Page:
Posted by: Lister | April 26, 2008

Syria and North Korea

Glenn Greenwald points to a lack of skepticism from some of the media reporting America’s recent claims.

The one “smoking gun” photograph from the video — the alleged North Korean head of that country’s reactor fuel plant standing in Syria (in a sweat suit) posing next to the head of the Syrian Atomic Energy Commission — seems to raise more questions than it resolves:

korea and syria

If two countries are engaged in a highly covert and nefarious program to build nuclear weapons, are their leading nuclear officials really going to pose together outdoors for a smiling, casual, tourist-like photograph?

[…] the whole episode reminds one of Howard Dean’s prescient reaction to the Colin Powell U.N. slideshow, which Dean delivered in a speech on Febraury 17, 2003 at Drake University:

Secretary Powell’s recent presentation at the UN showed the extent to which we have Iraq under an audio and visual microscope. Given that, I was impressed not by the vastness of evidence presented by the Secretary, but rather by its sketchiness.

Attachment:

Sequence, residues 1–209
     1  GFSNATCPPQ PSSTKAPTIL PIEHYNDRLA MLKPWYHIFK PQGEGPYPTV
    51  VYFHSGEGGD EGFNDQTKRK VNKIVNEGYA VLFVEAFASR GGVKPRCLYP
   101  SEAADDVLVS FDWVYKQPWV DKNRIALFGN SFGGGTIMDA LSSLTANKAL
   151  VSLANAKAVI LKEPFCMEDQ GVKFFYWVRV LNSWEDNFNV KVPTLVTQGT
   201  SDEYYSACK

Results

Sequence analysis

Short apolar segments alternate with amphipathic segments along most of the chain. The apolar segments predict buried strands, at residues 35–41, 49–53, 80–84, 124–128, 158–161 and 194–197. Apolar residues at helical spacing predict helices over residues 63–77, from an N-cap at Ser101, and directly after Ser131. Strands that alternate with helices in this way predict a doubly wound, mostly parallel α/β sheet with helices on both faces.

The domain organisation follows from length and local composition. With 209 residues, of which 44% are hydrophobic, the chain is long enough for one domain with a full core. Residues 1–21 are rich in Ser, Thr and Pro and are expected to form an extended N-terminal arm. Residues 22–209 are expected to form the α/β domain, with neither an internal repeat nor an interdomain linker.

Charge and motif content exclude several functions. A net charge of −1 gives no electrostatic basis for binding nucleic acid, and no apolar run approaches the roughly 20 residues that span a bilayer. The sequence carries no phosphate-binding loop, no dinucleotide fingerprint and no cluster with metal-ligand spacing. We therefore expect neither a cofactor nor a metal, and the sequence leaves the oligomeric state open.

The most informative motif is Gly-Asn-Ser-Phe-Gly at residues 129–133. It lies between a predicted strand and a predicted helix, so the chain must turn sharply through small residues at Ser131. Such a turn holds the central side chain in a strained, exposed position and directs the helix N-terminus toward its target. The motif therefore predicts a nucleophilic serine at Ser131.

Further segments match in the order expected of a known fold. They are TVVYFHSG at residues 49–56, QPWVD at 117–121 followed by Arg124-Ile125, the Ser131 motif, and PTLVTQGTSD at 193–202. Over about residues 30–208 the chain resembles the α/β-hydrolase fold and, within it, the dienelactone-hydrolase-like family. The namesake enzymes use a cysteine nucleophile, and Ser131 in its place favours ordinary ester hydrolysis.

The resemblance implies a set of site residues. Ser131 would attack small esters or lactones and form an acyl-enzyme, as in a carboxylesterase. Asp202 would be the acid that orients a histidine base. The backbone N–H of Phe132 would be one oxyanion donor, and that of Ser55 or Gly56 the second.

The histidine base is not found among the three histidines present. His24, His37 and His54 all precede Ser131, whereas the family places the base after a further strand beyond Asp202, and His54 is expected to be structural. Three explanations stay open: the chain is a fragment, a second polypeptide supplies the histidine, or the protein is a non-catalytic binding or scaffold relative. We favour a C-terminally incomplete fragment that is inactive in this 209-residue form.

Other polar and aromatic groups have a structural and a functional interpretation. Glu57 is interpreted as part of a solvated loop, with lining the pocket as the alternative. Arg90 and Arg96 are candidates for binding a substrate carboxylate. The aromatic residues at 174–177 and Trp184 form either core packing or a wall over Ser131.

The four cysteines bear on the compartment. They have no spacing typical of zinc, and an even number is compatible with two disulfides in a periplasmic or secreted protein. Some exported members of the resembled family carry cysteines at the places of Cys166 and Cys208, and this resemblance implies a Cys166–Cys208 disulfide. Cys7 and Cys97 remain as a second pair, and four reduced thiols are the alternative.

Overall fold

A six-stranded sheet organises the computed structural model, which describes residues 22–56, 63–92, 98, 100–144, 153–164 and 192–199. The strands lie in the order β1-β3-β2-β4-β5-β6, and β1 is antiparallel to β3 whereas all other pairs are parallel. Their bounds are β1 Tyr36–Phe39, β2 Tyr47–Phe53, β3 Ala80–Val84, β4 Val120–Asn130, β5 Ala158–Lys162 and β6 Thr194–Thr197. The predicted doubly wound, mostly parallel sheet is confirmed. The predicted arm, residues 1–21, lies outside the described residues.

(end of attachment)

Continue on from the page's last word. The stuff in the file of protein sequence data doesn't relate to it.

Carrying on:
Beyond all of this, there are all sorts of motives for the administration to exaggerate or outright fabricate these accusations.

Syria says America was involved, but doesn’t detail how.

Greenwald points out that one of the things the reporting does is imply that the attack would be justified if the allegations were true. But, if the allegations were true, then the evidence should have been given to the IAEA and an investigation begun. Some of the evidence is quite old.

The BBC says:

Perhaps mindful of the mistakes of the past, the ten-minute video released by the Bush administration in an effort to prove the Syria-North Korea connection is less ambitious and more focussed. [Than Colin Powell’s UN presentation on Iraqi WMDs].

It uses still images which, it is claimed, were taken inside the facility during its construction.

There is of course no independent way to verify this.

But an initial analysis suggests that the pictures show a gas-cooled graphite moderated reactor of a very similar type to the North Korean model at Yongbyon.

Text of the Dana Perino’s statement.

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